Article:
I got busy! Photographing products, creating a catalog and choosing the name, Chambre de Sucre! They wanted my business to be separate from theirs. I thought, what is more romantic and evocative than a sugar room, a room full of sugar? I went with the French words, as they evoke fancy tea parlors with tiered silver trays and it was the image of luxury that I wanted. We finally launched in 2011. It was a slow first six months. I was making cold calls. I sent a handwritten note and some sugars to Florence Fabricant at the New York Times offices, then three days later I got an email saying they were doing a review! After that came Real Simple, Brides, Saveur and lots of bloggers. I didn’t have money to advertise anyway and here was a product unlike anything anyone here had seen, and it struck a cord. It’s artful and functional. We are currently in 40 HomeGoods stores, and beginning on December 30th, our Color Sugar Balls will be in every single Crate & Barrel across the U.S. We are doing exclusive gift sets for Hallmark’s new concept store slated to open near their headquarters in Kansas City.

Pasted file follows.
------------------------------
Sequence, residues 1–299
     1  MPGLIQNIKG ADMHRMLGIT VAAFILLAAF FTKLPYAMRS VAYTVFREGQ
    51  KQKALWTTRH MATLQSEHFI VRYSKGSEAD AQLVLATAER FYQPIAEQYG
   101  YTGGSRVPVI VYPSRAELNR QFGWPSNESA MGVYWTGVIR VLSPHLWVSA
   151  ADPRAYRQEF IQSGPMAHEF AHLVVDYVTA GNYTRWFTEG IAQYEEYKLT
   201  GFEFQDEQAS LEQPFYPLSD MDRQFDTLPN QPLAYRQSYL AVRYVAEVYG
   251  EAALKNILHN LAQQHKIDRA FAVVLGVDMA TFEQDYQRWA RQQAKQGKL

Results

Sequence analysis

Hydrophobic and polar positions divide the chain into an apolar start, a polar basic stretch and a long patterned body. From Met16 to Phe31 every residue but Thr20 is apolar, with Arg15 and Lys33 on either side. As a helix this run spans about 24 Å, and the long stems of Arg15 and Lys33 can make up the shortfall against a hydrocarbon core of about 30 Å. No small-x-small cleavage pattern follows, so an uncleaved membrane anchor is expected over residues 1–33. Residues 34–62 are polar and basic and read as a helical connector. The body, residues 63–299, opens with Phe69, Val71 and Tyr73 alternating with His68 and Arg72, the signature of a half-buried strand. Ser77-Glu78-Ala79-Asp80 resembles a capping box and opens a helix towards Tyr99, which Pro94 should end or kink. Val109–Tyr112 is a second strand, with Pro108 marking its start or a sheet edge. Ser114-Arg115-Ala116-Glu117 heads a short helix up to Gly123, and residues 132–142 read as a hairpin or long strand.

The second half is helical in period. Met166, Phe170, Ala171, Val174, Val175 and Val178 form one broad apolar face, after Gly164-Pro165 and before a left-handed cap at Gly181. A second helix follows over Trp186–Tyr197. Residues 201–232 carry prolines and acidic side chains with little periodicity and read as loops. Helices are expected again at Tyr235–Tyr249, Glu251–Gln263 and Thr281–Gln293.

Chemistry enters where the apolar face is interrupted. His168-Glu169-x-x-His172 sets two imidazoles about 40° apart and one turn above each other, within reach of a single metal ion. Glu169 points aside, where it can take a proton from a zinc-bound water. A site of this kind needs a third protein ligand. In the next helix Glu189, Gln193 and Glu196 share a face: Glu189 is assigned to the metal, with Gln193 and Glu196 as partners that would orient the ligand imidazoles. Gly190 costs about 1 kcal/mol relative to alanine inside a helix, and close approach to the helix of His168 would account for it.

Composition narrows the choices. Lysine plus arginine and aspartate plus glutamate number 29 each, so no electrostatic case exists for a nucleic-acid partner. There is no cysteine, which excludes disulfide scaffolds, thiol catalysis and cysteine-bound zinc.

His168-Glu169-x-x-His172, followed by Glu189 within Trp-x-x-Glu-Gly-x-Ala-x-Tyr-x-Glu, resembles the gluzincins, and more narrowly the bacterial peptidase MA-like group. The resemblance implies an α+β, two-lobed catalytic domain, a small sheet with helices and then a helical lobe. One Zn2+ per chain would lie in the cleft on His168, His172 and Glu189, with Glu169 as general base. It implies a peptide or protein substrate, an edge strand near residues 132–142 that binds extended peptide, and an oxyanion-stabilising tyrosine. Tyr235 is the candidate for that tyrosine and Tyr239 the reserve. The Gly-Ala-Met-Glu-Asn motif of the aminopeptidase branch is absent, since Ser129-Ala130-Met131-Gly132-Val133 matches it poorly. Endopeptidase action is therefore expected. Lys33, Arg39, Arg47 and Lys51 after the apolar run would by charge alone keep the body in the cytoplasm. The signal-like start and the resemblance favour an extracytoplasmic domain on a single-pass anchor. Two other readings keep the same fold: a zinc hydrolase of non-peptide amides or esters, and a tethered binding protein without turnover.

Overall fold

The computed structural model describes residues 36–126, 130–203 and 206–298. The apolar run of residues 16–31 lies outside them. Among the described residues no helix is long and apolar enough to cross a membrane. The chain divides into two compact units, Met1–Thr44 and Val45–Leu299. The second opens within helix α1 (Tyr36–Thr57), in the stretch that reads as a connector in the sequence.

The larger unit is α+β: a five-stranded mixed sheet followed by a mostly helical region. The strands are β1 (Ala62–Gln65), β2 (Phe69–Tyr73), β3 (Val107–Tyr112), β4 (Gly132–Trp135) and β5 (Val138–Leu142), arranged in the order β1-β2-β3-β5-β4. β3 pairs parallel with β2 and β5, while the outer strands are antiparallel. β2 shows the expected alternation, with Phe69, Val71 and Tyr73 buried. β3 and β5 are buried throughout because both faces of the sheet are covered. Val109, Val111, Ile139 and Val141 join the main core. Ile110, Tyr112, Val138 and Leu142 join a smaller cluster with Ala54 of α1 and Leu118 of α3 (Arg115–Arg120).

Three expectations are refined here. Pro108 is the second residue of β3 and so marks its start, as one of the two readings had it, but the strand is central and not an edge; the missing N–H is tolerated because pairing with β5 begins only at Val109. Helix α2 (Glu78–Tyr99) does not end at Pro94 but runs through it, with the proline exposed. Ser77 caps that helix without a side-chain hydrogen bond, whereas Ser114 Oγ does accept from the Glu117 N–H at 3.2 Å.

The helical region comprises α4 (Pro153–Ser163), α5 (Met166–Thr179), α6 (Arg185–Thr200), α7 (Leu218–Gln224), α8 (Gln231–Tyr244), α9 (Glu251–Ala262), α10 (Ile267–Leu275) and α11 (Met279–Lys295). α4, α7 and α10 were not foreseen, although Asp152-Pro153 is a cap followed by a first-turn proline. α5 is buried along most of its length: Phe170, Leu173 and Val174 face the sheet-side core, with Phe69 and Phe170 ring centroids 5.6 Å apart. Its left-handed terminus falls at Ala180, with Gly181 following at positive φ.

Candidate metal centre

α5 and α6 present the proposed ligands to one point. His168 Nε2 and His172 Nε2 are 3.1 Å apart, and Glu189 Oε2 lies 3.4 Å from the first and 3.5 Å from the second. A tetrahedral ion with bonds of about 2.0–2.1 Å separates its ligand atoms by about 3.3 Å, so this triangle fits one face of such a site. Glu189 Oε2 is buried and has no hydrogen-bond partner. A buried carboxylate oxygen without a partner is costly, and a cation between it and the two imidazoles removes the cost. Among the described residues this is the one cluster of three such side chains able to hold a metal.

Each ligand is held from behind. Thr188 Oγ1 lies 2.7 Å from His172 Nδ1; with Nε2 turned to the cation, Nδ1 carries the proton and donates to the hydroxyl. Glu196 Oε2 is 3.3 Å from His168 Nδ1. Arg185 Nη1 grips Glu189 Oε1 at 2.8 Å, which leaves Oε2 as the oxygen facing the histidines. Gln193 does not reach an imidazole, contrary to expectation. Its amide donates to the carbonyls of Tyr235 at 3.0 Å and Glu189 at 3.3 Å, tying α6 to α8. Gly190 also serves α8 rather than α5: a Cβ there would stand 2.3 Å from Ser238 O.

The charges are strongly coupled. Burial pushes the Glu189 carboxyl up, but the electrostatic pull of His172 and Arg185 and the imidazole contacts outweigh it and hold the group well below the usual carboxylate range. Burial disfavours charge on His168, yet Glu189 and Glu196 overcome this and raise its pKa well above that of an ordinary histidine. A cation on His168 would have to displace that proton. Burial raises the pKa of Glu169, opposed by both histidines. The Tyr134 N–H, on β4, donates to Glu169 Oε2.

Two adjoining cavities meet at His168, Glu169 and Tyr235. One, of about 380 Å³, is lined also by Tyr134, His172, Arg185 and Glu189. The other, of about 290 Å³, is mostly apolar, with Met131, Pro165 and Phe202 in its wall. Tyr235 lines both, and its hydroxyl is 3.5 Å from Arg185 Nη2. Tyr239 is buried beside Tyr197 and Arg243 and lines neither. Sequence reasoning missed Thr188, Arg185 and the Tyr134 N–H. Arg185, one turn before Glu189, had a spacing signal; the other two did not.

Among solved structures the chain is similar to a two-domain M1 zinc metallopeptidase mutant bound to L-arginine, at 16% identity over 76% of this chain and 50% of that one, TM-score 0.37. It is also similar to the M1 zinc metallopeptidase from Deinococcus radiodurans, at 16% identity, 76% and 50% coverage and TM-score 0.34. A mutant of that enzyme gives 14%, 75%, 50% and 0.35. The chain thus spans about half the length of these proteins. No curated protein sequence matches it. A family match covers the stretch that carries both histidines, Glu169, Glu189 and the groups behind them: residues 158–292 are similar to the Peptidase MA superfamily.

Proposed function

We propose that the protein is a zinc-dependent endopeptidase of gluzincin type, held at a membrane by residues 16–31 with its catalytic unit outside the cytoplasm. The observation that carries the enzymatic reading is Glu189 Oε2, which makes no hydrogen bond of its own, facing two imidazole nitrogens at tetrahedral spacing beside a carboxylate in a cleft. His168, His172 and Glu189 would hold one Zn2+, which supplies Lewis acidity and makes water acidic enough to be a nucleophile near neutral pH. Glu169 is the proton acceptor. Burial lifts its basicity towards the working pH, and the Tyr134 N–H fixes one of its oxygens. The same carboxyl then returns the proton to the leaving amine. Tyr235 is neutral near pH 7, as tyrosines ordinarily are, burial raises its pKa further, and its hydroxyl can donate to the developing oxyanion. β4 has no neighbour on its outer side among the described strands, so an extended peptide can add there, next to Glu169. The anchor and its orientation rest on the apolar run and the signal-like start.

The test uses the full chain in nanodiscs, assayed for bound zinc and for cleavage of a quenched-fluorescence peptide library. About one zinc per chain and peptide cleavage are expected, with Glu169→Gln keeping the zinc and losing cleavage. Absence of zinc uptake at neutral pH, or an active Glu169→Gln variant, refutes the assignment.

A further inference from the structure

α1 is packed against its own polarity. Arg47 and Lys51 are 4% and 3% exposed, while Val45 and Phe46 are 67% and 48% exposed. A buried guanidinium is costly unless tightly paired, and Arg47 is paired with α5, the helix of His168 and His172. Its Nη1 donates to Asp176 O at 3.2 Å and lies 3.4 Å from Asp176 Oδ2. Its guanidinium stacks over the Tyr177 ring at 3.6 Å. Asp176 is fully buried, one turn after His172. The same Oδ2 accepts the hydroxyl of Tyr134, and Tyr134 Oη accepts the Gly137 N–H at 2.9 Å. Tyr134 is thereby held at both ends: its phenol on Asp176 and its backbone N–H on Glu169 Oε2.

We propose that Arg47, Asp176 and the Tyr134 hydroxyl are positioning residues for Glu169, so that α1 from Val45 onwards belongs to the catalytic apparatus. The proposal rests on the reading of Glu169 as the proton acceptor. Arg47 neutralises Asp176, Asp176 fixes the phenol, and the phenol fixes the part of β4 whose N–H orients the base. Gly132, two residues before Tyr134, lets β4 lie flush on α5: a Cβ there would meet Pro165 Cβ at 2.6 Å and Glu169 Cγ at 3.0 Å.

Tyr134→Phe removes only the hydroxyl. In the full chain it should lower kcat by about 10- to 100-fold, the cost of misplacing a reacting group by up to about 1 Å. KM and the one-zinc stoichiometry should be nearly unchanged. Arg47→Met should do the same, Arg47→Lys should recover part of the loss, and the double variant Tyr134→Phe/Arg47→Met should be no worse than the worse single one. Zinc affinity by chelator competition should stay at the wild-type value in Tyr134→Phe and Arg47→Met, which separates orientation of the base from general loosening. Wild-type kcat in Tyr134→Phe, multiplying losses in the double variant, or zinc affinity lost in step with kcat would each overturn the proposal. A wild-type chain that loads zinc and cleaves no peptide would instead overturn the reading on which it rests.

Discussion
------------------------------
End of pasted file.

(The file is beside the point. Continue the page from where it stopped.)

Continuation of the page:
[Ed. Note: we have edited this interview for length, but we want to try to impress upon our readers what a really long road this was for Lisa and her company. For her to convince a traditional Japanese family-owned company to let an American-born girl to steward their product is nothing short of a miracle – or rather, it was acute business acumen and a real and true understanding on her part of the product and the culture from which it came.]
Lisa, when you sent me your samples it was like Christmas morning opening up all the little packages. But as you said, these sugars are art and function. They adorn the table with style and beauty but they add to our enjoyment of our beverages, too. I am partial to the angel wing cup-huggers. Unique!
(Laughs) People keep asking me why there are only cats and why there aren’t any dog cup-huggers. We have to work on that! [The cup-hugger line includes angel wings, cats and elephants.]
Well, as a dog person, keep me in the loop on that! Lisa, thank you so much and we wish you much luck with Chambre de Sucre.
Thank you, Dédé. I am so grateful for your appreciation of our product.
You can find purchase these products directly through Chambre de Sucre.